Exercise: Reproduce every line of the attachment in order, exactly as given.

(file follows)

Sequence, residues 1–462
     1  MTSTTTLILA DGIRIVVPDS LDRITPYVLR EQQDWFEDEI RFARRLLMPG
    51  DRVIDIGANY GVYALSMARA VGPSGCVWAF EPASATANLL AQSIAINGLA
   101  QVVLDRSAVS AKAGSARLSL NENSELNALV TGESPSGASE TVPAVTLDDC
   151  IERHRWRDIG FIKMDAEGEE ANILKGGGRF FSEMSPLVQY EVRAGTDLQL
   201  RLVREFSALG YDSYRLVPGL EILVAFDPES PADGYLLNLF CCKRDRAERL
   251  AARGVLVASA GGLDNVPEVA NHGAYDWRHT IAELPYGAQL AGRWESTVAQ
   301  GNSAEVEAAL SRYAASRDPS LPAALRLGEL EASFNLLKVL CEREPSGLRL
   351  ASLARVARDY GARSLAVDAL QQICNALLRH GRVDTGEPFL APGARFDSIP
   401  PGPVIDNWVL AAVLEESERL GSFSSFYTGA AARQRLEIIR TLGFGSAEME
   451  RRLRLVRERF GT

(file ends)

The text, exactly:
Sequence, residues 1–462
     1  MTSTTTLILA DGIRIVVPDS LDRITPYVLR EQQDWFEDEI RFARRLLMPG
    51  DRVIDIGANY GVYALSMARA VGPSGCVWAF EPASATANLL AQSIAINGLA
   101  QVVLDRSAVS AKAGSARLSL NENSELNALV TGESPSGASE TVPAVTLDDC
   151  IERHRWRDIG FIKMDAEGEE ANILKGGGRF FSEMSPLVQY EVRAGTDLQL
   201  RLVREFSALG YDSYRLVPGL EILVAFDPES PADGYLLNLF CCKRDRAERL
   251  AARGVLVASA GGLDNVPEVA NHGAYDWRHT IAELPYGAQL AGRWESTVAQ
   301  GNSAEVEAAL SRYAASRDPS LPAALRLGEL EASFNLLKVL CEREPSGLRL
   351  ASLARVARDY GARSLAVDAL QQICNALLRH GRVDTGEPFL APGARFDSIP
   401  PGPVIDNWVL AAVLEESERL GSFSSFYTGA AARQRLEIIR TLGFGSAEME
   451  RRLRLVRERF GT